In his Farewell Address, George Washington warned of this in particular.
Revolution of 1800
The victory of Jefferson and the Democratic-Republicans ended the Federalist Decade in this.
A system of ideas. Included: the yeoman farmer best exemplifies virtue and independence, the federal government must not violate the rights of the states, the freedoms of speech and the press are essential, and the President should practice Republican simplicity.
Marbury v. Madison
A case in 1803 which established the principle of judicial review, that the Supreme Court should determine whether a piece of legislation is constitutional or not.
Henry Clay's plan of internal improvements, developing infrastructure to increase trade and unity.
Tariff of Abominations
A tariff passed in 1828, after several tariffs passed between 1816 and 1828, all of which were intended to protect. This tariff went too far and provoked John C. Calhoun to formulate his doctrine of nullification.
Worcester v. Georgia
A case in 1831 in which, unlike other Native American tribes, the Cherokees challenged the removal order in court. Cherokees won, but Jackson refused to recognize "John Marhall's" decision.
Second Bank of the United States
President Jackson vigorously opposed this, claiming that it catered to special privileges. His war against this helped bring about the Whigs, a party which hated him.
The Cult of Domesticity
Another term for the concept of Republican Motherhood, a concept which said women should only be concerned with domestic, family, and religious affairs.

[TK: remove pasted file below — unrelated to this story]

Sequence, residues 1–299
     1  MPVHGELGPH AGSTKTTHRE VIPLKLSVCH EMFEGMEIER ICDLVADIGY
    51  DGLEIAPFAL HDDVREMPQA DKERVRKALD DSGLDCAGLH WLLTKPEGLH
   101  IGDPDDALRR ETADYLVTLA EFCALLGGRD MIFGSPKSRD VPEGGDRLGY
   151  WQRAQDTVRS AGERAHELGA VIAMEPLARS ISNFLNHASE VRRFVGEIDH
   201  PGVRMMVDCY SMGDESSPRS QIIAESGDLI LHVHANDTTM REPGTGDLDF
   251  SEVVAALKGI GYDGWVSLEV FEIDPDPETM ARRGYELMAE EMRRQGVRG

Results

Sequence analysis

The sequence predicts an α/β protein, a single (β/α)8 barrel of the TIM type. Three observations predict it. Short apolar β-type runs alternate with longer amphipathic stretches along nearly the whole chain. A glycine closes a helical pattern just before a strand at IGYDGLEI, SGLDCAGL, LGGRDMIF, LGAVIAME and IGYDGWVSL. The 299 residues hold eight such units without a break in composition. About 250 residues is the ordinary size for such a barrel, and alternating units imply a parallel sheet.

Seneca Falls Convention
Took place in 1848, organized by Elizabeth Cady Stanton, and Lucretia Mott, and issued the "Declaration of Sentiments and Resolutions."
A woman not involved in the women's rights movement but in the reform of treatment of people with mental and emotional disabilities.
A radical abolitionist newspaper edited by William Lloyd Garrison. (Please note, Garrison was also a supporter of women's rights)
A philosophical and literary movement of the 1800s which emphasized living a simple life while celebrating the truth in nature, emotion, and imagination. (Think Thoreau and Emerson)
The Mexican War
A war which was strongly opposed by Abraham Lincoln and the Whigs. Ended with the Treaty of Guadalupe Hidalgo.
The Compromise of 1850
The result of negotiations between Stephen A. Douglas, Daniel Webster, Henry Clay, and John C. Calhoun. Admitted California as a free state, abolished slavery in D.C. and so on.
The Dred Scott Case
Case in which it was stated slaves could not sue in federal court because they were not citizens.
Kentucky and Maryland were what during the Civil War?
Battle of Antietam
This Civil War battle ended with a Union victory, convincing France and England to remain neutral, and allowing Lincoln to issue the Emancipation Proclamation.
Abolished slavery and involuntary servitude.
Made former slaves citizens and provided for equal protection of the laws for all citizens.
Provided suffrage for Black males. (Stirred controversy, caused a split, among women's rights supporters)
Plessy v. Ferguson
Case in 1896 which upheld segregation, "separate but equal" accommodations.
Brown v. Board of Education
Case in 1957 which reversed Plessy v. Ferguson and outlawed segregation.
Booker T. Washington
Called on African Americans to seek economic opportunities rather than political rights.